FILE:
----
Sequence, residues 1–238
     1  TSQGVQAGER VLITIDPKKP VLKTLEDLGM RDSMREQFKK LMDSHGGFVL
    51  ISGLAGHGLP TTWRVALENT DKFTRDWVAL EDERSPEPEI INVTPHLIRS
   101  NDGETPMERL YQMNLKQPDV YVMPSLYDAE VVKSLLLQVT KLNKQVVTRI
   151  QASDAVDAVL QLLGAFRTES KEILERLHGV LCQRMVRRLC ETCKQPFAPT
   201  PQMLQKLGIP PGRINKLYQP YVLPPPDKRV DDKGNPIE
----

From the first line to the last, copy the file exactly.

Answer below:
Sequence, residues 1–238
     1  TSQGVQAGER VLITIDPKKP VLKTLEDLGM RDSMREQFKK LMDSHGGFVL
    51  ISGLAGHGLP TTWRVALENT DKFTRDWVAL EDERSPEPEI INVTPHLIRS
   101  NDGETPMERL YQMNLKQPDV YVMPSLYDAE VVKSLLLQVT KLNKQVVTRI
   151  QASDAVDAVL QLLGAFRTES KEILERLHGV LCQRMVRRLC ETCKQPFAPT
   201  PQMLQKLGIP PGRINKLYQP YVLPPPDKRV DDKGNPIE